- Bill: Strongly hooked, black with yellow cere
- Size: 30-35 inches long with 84-inch wingspan, powerful body
- Colors: Dark brown, tawny gold, yellow
- Markings: Body is solid dark brown with tawny gold feathers on the back of the head and nape of neck. Legs are yellow but heavily feathered. Faint gray bands may show on tail. Juvenile birds have white markings, especially in wings. Male and female birds look alike but females are distinctly larger.
Small mammals, rabbits, marmots, reptiles, grouse, deer, cranes
Habitat and Migration:
Golden eagles are found in all habitats including coastal areas, mountains and plains from Alaska to Mexico. Greater numbers of birds are found in western Canada and the United States west of the Rocky Mountains. Golden eagles are rarer in the eastern United States and Midwest and a single pair of birds may require up to 60 square miles of territory. Northern populations migrate seasonally.
As a bird of prey, golden eagles are largely silent but will use yelping calls near the nest and small whistles as part of courtship behavior. Calls may be made singly or in longer strings.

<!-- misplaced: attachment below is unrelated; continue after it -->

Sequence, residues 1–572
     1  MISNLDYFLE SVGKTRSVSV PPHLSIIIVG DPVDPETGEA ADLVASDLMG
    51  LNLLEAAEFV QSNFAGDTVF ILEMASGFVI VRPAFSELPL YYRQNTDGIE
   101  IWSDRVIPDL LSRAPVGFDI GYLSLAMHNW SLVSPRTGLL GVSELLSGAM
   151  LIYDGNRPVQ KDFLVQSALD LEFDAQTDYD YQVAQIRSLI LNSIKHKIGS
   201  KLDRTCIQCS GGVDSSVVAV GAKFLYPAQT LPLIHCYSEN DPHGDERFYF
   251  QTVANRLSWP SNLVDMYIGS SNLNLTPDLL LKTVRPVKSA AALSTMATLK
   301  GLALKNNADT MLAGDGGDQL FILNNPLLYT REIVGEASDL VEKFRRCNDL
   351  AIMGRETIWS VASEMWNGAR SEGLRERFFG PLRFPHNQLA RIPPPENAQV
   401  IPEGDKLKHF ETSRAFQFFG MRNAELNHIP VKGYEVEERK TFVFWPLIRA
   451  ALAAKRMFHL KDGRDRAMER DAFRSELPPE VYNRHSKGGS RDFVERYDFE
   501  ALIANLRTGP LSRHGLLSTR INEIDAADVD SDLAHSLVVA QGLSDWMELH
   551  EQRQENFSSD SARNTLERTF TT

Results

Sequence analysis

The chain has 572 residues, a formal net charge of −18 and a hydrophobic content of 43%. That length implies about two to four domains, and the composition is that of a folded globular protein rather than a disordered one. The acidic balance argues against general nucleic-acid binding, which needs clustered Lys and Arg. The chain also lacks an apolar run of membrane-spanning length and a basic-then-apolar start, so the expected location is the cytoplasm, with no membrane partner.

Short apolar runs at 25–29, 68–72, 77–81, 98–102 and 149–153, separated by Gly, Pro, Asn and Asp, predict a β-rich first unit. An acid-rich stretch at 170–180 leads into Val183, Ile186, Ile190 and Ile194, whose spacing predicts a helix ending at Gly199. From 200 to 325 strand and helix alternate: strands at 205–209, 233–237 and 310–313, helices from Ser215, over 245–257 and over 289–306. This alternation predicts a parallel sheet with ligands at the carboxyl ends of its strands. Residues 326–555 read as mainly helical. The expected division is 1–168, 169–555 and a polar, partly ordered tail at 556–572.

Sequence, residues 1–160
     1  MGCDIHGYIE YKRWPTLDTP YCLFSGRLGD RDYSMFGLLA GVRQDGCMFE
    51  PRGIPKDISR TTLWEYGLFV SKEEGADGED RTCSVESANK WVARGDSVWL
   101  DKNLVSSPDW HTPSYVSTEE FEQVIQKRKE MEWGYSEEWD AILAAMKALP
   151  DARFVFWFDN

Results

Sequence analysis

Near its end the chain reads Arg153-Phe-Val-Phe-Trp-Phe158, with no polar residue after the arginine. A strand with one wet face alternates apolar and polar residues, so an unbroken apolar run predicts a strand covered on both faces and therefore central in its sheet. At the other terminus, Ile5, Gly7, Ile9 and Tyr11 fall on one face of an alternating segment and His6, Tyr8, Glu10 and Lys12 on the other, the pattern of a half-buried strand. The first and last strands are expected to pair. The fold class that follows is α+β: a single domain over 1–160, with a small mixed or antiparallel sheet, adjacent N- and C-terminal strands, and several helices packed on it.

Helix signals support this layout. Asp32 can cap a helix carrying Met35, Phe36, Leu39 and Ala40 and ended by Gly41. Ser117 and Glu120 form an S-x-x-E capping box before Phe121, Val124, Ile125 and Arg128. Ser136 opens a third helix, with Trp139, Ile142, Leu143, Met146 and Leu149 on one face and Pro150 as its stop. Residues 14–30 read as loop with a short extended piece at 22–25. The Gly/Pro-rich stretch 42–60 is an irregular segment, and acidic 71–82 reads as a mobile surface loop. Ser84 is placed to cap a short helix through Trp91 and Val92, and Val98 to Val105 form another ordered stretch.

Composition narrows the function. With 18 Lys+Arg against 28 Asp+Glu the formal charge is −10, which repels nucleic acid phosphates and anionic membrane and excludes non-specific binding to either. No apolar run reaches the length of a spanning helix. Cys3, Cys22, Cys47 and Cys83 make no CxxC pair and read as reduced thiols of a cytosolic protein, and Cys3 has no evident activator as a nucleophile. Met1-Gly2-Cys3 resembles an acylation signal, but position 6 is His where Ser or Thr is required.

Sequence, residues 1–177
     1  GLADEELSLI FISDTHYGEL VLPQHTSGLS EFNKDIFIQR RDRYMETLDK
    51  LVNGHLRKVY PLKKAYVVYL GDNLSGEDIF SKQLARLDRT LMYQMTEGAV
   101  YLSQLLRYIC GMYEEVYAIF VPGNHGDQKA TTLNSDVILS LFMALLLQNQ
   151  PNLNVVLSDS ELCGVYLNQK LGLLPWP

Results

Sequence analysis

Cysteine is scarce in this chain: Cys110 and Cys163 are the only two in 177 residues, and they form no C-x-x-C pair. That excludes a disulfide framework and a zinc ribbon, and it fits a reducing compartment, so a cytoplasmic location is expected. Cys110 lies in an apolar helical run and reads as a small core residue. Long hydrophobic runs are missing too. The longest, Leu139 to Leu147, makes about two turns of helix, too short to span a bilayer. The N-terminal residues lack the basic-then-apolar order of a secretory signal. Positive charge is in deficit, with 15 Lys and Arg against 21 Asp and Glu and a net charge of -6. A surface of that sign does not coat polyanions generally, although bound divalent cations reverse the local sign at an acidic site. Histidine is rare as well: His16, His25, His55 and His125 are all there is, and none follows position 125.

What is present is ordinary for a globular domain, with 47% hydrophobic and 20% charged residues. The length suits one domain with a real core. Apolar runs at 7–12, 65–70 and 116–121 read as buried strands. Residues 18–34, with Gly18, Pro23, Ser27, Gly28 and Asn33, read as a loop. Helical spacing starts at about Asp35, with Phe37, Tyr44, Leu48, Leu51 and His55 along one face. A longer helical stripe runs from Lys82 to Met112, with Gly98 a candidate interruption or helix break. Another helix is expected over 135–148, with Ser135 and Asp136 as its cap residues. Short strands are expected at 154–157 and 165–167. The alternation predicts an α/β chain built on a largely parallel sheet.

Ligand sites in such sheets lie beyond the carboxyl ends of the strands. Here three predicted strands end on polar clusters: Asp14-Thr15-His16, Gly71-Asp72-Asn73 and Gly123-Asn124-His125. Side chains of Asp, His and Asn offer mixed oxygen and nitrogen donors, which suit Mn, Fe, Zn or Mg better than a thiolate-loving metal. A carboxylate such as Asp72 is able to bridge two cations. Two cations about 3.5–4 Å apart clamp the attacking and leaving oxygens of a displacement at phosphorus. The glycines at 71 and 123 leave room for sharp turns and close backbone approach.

Golden eagles hunt by soaring and perching patiently near feeding areas to watch for movement that would indicate a vulnerable animal. They typically hunt singly or in mated pairs but groups are rare. Ambush hunting tactics include flying close to the ground to surprise prey.
Golden eagles have a powerful flight pattern and they frequently soar on thermal air currents as they search for prey.
Birds mate for life but renew their bond through annual courtship displays. Nests are built on cliff faces or in dead trees and will be reused for generations. A pair of golden eagles will produce one brood of 1-3 eggs every two years. Eggs are incubated by both male and female birds for 43-45 days, and the fledgling stage lasts for 66-70 days as both parents feed the young birds.
Attracting Golden Eagles:
Golden eagles are rare in backyards but can be found close to urban areas where sufficient wild habitat exists to support their prey, particularly in western regions. These birds are more likely to be seen in rural or wild areas with mountainous terrain and visible perching areas that provide superb hunting grounds.
- Bald Eagle (Haliaeetus leucocephalus)
- Harris’s Hawk (Parabuteo unicinctus)